One of the true benefits of the recently released Portaledge Enumeration module is that it allows administrators to really see and understand what is communicating on their control systems. In talking with one of our early adopters, they noted that they had many more machines talking than what they previously thought. They used the alerts generated by various of the Enumeration modules to track down and verify the communications sessions. This verification and vetting process ensures that what is communicating on the network is approved, and necessary. A process facilitated by the Enumeration Module.
One of the powerful but simple tools in the Enumeration Package is the Traffic Monitor. It allows a administrator to specify what systems communicate with what other system, specifying ports and protocols. This module acts as a simple IDS to watch for unapproved or unknown communications between systems. When the Traffic Monitor is first deployed and not “tuned” for the necessary communications it will generate a number of alerts. From this initial set of alerts, each session can be researched to determine if it is necessary for the control system to function. From this verification work a set of “allowed” session can be added to the Traffic Monitor module’s properties.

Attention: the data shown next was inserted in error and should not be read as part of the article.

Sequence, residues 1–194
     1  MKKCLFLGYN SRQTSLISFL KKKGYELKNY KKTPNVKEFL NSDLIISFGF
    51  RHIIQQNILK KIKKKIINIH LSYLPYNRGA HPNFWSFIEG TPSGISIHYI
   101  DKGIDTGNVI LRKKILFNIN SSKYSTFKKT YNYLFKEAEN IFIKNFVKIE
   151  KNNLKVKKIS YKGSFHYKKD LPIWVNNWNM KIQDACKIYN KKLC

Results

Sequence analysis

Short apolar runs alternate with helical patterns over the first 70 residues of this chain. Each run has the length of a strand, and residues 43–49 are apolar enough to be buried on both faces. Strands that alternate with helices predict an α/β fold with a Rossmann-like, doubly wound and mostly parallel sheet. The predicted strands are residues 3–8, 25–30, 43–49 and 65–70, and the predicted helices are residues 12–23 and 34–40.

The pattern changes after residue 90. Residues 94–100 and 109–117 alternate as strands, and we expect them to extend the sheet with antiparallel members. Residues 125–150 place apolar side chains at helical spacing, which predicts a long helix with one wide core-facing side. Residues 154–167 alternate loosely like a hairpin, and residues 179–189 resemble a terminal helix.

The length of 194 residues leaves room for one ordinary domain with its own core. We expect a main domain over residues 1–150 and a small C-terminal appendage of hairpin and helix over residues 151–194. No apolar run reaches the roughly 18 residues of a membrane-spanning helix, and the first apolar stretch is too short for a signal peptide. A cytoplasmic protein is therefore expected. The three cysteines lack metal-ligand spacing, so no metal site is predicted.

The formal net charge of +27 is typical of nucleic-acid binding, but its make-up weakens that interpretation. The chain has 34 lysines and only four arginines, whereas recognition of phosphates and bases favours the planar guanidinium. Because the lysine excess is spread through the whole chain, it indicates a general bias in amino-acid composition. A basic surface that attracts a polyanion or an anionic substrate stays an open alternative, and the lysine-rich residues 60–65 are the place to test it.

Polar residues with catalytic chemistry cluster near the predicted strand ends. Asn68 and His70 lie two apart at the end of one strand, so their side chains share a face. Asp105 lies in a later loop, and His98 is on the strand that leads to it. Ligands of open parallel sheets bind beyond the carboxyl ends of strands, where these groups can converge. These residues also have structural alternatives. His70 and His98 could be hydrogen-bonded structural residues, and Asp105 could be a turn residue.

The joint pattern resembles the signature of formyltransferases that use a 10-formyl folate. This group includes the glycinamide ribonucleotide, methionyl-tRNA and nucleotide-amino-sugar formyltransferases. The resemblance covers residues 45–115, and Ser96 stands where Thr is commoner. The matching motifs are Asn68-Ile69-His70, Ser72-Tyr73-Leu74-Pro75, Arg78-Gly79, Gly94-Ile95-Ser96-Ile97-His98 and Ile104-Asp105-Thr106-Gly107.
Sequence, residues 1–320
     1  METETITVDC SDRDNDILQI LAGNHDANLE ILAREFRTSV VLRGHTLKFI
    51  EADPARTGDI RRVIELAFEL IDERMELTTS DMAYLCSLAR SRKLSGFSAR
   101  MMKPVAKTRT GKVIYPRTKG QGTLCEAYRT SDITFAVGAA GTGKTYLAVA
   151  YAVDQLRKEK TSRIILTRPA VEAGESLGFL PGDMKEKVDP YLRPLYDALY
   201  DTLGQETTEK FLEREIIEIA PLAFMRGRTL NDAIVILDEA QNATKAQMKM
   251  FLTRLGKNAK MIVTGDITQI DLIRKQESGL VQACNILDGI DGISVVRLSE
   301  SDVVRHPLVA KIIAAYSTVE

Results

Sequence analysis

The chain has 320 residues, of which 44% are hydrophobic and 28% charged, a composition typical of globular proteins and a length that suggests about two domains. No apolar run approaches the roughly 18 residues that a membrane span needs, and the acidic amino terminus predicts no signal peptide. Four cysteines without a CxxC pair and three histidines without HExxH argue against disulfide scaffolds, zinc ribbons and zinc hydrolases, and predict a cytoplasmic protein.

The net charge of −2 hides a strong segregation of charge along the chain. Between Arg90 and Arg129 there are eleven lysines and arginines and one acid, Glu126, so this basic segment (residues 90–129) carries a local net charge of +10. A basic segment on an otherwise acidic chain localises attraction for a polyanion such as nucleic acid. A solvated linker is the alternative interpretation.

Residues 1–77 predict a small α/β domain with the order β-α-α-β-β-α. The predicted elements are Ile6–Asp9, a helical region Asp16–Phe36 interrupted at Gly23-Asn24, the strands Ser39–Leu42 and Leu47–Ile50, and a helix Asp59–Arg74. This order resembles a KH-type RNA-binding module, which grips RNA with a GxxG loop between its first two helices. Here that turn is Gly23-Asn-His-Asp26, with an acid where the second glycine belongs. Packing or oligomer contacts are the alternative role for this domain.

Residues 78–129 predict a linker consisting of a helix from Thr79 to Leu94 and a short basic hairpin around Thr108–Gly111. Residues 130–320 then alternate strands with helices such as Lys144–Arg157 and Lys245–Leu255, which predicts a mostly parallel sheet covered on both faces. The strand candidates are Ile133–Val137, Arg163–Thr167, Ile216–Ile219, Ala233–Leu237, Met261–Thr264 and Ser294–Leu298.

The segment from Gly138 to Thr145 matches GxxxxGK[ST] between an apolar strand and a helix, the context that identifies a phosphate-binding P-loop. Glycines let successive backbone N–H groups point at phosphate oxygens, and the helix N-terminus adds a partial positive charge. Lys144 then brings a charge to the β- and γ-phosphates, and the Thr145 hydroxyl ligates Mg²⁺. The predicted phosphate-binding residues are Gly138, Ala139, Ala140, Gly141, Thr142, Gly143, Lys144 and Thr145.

When common hacking enumeration tools or techniques are then deployed on the network, such as a port sweep of various machines on the subnet, the Traffic Monitor will note the unapproved sessions and generate alerts. Login attempts, exploits, pings, port sweeps and a variety of other techniques will all create alerts as long as they fall outside of the range of what has been added to the approved list.
In “tuning” the list, I was initially a bit reticent to add wildcards into the approved sessions lists, as the improper use of wildcards will turn the Traffic Monitor blind, but after conversing with a few sources, there are some cases for which the use of wildcards just makes sense. In some applications the source machine chooses a random port when a service is started, making it impossible to tune this session without wildcards. The use of wildcards will be part of a forthcoming release.
A properly tuned Traffic Monitor with a very minimal set of approved sessions becomes a powerful tool in detecting and logging unknow, unauthorized and malicious traffic on your control systems.